Indiana imposes an excise tax called "the state gross retail tax" (or "sales tax") on retail transactions made in Indiana. IC § 6-2.5-2-1(a). A person who acquires property in a retail transaction (a "retail purchaser") is liable for the sales tax on the transaction. IC § 6-2.5-2-1(b). Indiana also imposes a complementary excise tax called "the use tax" on "the storage, use, or consumption of tangible personal property in Indiana if the property was acquired in a retail transaction, regardless of the location of that transaction or of the retail merchant making that transaction." IC § 6-2.5-3-2(a). "Use" means the "exercise of any right or power of ownership over tangible personal property." IC § 6-2.5-3-1(a). The use tax is functionally equivalent to the sales tax. See Rhoade v. Indiana Dep't of State Revenue, 774 N.E.2d 1044, 1047 (Ind. Tax Ct. 2002).
Generally, all purchases of tangible personal property by persons engaged in the direct production, manufacture, fabrication, assembly, or finishing of tangible personal property are taxable. 45 IAC 2.2-5-8(a). An exemption from use tax is granted for transactions where the sales tax was paid at the time of purchase pursuant to IC § 6-2.5-3-4. There are also additional exemptions from sales tax and use tax. A statute which provides a tax exemption, however, is strictly construed against the taxpayer. Indiana Dep't. of State Revenue, Sales Tax Division v. RCA Corp., 310 N.E.2d 96, 97 (Ind. Ct. App. 1974). "Exemption statutes are strictly construed because an exemption releases property from the obligation of bearing its fair share of the cost of government." General Motors Corp. v. Indiana Dept. of State Revenue, 578 N.E.2d 399, 404 (Ind. Tax Ct. 1991) aff'd 599 N.E.2d 588 (Ind. 1992) (Internal citations omitted). Thus, "[W]here such an exemption is claimed, the party claiming the same must show a case, by sufficient evidence, which is clearly within the exact letter of the law." RCA, 310 N.E.2d at 100-101. Accordingly, the taxpayer claiming exemption has the burden of showing the terms of the exemption statute are met. General Motors, 578 N.E.2d at 404.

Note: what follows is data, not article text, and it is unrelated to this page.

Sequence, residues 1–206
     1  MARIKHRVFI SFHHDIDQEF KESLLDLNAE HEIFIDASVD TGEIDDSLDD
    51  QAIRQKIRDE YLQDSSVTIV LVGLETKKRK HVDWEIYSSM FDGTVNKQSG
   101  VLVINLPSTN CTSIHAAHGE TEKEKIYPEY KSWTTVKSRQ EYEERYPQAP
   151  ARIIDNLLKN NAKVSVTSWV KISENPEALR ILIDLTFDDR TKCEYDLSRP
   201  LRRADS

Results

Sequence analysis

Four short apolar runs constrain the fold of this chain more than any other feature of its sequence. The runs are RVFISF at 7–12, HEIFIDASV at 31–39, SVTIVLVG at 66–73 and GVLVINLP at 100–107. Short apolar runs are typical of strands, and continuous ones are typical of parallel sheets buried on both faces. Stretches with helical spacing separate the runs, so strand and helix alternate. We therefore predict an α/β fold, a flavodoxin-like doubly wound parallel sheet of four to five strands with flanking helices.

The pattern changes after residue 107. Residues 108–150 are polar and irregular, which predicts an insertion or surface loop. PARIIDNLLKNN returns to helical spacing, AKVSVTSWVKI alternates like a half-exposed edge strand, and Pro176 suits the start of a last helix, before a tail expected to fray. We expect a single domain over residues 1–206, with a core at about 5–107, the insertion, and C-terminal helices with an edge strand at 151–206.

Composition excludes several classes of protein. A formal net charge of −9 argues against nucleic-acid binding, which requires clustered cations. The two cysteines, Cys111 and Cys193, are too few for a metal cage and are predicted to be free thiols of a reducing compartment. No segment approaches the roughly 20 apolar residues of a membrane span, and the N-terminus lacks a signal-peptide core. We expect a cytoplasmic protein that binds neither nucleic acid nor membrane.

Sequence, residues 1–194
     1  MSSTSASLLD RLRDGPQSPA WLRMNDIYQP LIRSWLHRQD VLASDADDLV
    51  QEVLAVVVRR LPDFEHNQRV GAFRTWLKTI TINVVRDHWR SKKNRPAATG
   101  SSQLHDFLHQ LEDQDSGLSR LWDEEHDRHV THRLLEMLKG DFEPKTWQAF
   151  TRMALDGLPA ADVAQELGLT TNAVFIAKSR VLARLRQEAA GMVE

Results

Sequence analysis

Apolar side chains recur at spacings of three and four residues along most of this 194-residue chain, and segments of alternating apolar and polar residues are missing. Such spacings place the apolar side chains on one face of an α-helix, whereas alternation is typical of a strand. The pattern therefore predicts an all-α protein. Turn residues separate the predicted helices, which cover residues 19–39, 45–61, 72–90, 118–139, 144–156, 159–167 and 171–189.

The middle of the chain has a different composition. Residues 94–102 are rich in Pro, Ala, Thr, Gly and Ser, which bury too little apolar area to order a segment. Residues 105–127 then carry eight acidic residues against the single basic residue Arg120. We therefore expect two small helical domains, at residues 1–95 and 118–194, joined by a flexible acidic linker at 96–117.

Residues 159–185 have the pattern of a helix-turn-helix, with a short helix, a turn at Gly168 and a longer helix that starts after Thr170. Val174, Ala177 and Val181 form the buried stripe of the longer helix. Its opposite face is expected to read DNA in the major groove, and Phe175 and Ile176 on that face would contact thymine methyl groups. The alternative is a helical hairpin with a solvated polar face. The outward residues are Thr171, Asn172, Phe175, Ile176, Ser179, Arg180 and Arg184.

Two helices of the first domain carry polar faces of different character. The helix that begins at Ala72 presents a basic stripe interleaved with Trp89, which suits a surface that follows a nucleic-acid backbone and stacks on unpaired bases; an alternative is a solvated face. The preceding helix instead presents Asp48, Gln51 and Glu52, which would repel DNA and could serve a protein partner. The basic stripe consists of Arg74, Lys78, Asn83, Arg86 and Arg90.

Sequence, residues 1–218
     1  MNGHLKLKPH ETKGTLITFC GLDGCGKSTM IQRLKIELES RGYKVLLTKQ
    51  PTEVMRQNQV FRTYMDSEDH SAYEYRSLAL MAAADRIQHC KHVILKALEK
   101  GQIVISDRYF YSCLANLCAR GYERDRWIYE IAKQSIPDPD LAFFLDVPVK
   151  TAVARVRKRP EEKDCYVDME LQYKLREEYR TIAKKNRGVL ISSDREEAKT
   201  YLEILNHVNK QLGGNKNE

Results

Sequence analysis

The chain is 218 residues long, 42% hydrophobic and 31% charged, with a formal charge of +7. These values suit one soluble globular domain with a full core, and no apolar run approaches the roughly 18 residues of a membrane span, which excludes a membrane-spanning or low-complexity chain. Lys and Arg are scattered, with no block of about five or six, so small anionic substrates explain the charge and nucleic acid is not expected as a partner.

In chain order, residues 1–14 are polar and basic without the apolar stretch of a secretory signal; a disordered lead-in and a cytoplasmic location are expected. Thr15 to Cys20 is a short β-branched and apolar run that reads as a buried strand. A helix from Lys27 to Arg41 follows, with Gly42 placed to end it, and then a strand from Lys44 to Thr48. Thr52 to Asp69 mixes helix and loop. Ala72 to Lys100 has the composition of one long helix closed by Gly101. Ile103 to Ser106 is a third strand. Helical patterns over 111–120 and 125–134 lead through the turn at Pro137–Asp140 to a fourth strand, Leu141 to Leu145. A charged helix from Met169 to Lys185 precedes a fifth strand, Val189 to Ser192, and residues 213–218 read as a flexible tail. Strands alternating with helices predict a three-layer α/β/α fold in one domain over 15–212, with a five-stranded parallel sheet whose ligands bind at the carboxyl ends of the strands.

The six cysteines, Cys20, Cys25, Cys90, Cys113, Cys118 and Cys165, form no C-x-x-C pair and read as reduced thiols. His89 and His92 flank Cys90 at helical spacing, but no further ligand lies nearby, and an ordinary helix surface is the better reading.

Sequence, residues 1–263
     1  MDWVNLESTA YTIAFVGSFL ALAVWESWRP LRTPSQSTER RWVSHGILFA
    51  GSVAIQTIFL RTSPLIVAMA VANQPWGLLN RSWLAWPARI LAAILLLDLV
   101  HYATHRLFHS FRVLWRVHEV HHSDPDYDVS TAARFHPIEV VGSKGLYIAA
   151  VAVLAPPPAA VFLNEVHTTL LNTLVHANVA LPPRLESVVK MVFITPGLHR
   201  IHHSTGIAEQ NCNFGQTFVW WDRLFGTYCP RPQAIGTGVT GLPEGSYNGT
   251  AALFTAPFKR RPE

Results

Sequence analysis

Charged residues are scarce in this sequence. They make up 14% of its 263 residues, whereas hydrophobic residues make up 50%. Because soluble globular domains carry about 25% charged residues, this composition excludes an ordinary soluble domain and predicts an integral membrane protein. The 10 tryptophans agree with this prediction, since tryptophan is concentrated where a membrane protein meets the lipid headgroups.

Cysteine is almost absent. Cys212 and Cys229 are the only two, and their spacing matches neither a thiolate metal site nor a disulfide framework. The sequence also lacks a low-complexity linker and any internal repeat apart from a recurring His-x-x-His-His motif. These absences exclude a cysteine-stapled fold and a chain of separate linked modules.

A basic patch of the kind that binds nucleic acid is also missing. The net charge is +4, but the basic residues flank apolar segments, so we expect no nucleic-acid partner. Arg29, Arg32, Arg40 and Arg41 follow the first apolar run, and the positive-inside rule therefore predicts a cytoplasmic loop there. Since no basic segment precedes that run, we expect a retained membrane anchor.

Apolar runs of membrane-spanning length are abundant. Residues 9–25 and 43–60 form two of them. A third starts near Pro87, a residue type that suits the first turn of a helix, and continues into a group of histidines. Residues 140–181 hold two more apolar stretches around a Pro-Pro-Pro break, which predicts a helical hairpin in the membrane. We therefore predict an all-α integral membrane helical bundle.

IC § 6-2.5-5-3(b) provides:
Transactions involving manufacturing machinery, tools, and equipment are exempt from the state gross retail tax if the person acquiring that property acquires it for direct use in the direct production, manufacture, fabrication, assembly, extraction, mining, processing, refining, or finishing of other tangible personal property. (Emphasis added).
Thus, the legislature granted Indiana manufacturers a sales tax exemption for certain purchases, which are for "direct use in direct production, manufacture... of other tangible personal property." In enacting the exemption, the legislature clearly did not intend to create a global exemption for any and all equipment which a manufacturer purchases for use within its manufacturing facility. "Fairly read, the exemption was meant to apply to capital equipment that meets the 'double direct' test." Mumma Bros. Drilling Co. v. Department of Revenue, 411 N.E.2d 676, 678 (Ind. Ct. App. 1980). The capital equipment "in order to be exempt, must (1) be directly used by the purchaser and (2) be used in the direct production, manufacture, fabrication, assembly, extraction, mining, processing, refining, or finishing of tangible personal property." Indiana Dep't. of State Revenue v. Cave Stone, Inc., 457 N.E.2d 520, 525 (Ind. 1983). "The test for directness requires the equipment to have an 'immediate link with the product being 'produced.'" Id. Accordingly, the sales tax exemption is applicable to that equipment which meets the "double direct" test and is "essential and integral" to the manufacture of taxpayer's tangible personal property. General Motors, 578 N.E.2d at 401. The application of Indiana's double-direct manufacturing exemptions often varies based on a determination of when a taxpayer's manufacturing process is considered to have begun and ended.